Al Wahda can dare to dream and other Arabian Gulf Cup final talking points

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Al Wahda celebrate with the Arabian Gulf Cup (PLC).

Al Wahda weathered two second-half dismissals to win their second Arabian Gulf Cup crown in three seasons, courtesy of a spiky 2-1 triumph against Al Wasl.

The Clarets raced into a two-goal lead on the half-hour mark at an electric Hazza bin Zayed Stadium on Thursday. UAE winger Tareq Ahmed curled a beautiful shot into the bottom corner against the run of play, before Argentine predator Sebastian Tagliabue placed an unstoppable header home for his record-breaking 14th goal in the 2017/18 edition.

A rollercoaster second period was sparked by Brazilian playmaker Ronaldo Mendes’ 61st-minute header for the Cheetahs to shorten their disadvantage. Wahda then saw both full-backs sent off, Ahmed Rashid walking for two yellow cards and Mohammed Al Menhali seeing red for stepping on Abdulla Saleh courtesy of VAR.

But despite their numerical advantage and six minutes of additional time being played, Wasl could not end their eight-year trophy drought.


Steady work over several seasons, an alien concept in the capricious Middle East, has continued to reap rewards for Wahda.

A pair of AG Cup wins now sandwich 2016/17’s President’s Cup.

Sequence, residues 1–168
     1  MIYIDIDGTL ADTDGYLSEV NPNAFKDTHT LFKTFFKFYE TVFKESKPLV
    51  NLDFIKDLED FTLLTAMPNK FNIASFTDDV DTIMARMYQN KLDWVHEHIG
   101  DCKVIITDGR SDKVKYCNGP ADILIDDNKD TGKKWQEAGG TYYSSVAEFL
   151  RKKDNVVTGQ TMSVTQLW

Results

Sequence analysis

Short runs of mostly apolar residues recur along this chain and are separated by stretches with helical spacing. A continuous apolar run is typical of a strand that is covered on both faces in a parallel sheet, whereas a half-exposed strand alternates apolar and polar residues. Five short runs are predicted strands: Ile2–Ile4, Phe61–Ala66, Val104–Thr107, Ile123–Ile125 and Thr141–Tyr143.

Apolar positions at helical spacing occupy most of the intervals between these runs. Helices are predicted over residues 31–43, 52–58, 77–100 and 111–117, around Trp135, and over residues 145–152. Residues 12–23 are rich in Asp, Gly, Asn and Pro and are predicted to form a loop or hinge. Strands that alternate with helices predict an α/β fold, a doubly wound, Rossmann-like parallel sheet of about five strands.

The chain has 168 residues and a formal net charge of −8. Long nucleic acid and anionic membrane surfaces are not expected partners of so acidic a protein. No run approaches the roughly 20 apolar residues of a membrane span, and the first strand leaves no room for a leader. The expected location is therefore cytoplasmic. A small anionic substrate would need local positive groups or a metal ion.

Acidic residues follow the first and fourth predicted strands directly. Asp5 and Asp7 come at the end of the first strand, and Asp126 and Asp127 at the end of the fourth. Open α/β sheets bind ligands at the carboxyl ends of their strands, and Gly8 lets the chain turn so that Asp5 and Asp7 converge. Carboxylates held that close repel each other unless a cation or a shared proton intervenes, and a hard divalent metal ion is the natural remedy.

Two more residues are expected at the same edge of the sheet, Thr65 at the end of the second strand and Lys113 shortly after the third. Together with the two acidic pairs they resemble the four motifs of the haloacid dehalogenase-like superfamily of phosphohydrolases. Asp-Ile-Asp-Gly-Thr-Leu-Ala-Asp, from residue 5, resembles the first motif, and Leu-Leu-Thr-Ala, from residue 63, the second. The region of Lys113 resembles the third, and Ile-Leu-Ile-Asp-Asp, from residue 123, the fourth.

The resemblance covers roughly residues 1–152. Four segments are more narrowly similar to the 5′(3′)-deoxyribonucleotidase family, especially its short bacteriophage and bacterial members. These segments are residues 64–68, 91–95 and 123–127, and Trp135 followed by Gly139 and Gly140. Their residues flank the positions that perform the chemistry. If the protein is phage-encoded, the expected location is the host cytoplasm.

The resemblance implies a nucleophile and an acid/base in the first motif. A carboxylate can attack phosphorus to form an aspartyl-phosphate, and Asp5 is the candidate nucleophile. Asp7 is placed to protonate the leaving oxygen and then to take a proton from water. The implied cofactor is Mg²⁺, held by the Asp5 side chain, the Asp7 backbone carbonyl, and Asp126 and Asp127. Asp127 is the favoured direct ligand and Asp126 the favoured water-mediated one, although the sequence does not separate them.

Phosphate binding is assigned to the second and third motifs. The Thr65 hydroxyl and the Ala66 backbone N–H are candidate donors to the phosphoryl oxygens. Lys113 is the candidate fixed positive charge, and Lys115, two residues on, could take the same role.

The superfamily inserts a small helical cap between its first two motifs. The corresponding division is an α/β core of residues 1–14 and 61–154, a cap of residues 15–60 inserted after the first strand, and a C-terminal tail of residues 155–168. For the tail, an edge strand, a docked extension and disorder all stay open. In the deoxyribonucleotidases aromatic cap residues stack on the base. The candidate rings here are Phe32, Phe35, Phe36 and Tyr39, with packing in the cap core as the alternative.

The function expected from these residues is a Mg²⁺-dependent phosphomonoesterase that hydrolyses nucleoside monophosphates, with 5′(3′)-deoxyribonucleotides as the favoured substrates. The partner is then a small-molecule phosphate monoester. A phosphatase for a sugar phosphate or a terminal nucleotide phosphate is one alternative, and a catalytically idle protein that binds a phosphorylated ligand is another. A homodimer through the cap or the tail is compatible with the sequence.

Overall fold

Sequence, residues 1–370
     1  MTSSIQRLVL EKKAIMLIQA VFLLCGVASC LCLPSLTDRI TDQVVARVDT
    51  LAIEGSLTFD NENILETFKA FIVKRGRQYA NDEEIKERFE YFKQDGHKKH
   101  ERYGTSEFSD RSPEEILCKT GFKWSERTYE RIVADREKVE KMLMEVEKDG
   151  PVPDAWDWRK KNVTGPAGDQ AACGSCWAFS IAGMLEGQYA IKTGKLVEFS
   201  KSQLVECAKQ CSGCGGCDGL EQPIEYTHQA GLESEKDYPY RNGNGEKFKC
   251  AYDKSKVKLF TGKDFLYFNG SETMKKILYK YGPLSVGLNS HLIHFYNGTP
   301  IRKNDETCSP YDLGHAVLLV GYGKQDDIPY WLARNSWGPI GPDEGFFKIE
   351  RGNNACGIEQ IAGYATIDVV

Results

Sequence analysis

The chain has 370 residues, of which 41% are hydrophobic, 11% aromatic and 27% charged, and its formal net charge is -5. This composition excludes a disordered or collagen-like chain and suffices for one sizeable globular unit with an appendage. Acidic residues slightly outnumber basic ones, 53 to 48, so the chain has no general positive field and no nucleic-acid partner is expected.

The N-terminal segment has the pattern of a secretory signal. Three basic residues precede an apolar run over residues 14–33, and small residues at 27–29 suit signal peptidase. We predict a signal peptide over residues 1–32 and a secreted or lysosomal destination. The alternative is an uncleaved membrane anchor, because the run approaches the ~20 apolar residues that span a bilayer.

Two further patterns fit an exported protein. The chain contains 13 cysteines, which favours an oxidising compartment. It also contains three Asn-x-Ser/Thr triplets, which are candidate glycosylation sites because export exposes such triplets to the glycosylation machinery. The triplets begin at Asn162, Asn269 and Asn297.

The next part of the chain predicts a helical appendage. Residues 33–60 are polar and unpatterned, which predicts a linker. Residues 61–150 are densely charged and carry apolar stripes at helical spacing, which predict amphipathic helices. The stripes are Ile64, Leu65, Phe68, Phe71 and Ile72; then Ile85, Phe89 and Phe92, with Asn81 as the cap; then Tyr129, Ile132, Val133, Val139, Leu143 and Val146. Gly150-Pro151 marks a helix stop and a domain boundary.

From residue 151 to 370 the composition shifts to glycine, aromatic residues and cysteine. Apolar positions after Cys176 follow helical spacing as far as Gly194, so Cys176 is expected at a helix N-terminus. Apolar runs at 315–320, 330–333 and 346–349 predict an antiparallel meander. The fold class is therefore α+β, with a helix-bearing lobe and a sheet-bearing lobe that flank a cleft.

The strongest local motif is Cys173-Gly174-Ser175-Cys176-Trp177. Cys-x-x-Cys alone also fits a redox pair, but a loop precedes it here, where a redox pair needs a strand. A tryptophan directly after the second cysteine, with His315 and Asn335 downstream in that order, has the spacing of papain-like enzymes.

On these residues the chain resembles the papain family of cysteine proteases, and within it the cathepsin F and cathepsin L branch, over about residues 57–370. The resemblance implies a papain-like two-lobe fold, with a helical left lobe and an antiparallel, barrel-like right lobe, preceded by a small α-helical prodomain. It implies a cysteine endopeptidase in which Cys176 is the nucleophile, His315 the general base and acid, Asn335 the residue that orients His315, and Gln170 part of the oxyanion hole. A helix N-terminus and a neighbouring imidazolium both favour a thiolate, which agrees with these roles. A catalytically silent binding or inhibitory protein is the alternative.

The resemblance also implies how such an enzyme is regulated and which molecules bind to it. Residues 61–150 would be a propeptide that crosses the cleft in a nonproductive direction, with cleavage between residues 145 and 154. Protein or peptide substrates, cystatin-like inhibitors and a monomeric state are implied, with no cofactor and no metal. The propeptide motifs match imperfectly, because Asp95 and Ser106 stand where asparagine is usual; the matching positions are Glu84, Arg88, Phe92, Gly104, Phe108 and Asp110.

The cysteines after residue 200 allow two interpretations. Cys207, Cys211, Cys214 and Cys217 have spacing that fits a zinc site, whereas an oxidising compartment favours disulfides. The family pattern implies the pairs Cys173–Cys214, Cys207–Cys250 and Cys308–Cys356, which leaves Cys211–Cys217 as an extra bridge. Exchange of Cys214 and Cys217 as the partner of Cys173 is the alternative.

There has been a change of management in this period as Romania’s Laurentiu Reghecampf replaced Mexico’s Javier Aguirre last summer. But the decision to consistently make minor changes to the playing roster has consistently delivered trophies.

Success breeds success. This is why Reghecampf is right to believe a four-point gap to Arabian Gulf League-leaders Al Ain can still be closed, as well as a rescue job pulled off in the 2018 AFC Champions League.


A miserable 2018 continues to plumb new depths for Wasl.

It’s now just two wins in 13 matches since the end of January. Injuries bite hard in the small Cheetahs squad, but this was not an excuse on Thursday.

Antipathy has grown towards coach Rodolfo Arruabarrena after he failed to rouse his troops, despite playing more than 15 minutes against nine men. This is an alarming state of play when your contract expires in June.

The 42-year-old had rehabilitated his managerial reputation with last term’s shock second place in the league. Those memories risk being forgotten.


Amid the celebrations for Wahda, it is important to centre on an important changing of the guard.

Ismail Matar is arguably the most-important figure in the club’s 44-year history. The idea of the 34-year-old forward being an unused substitute in a showpiece was unthinkable even 12 months ago.

Now, it barely registers as an afterthought. An association stretching back more than two decades may soon end.

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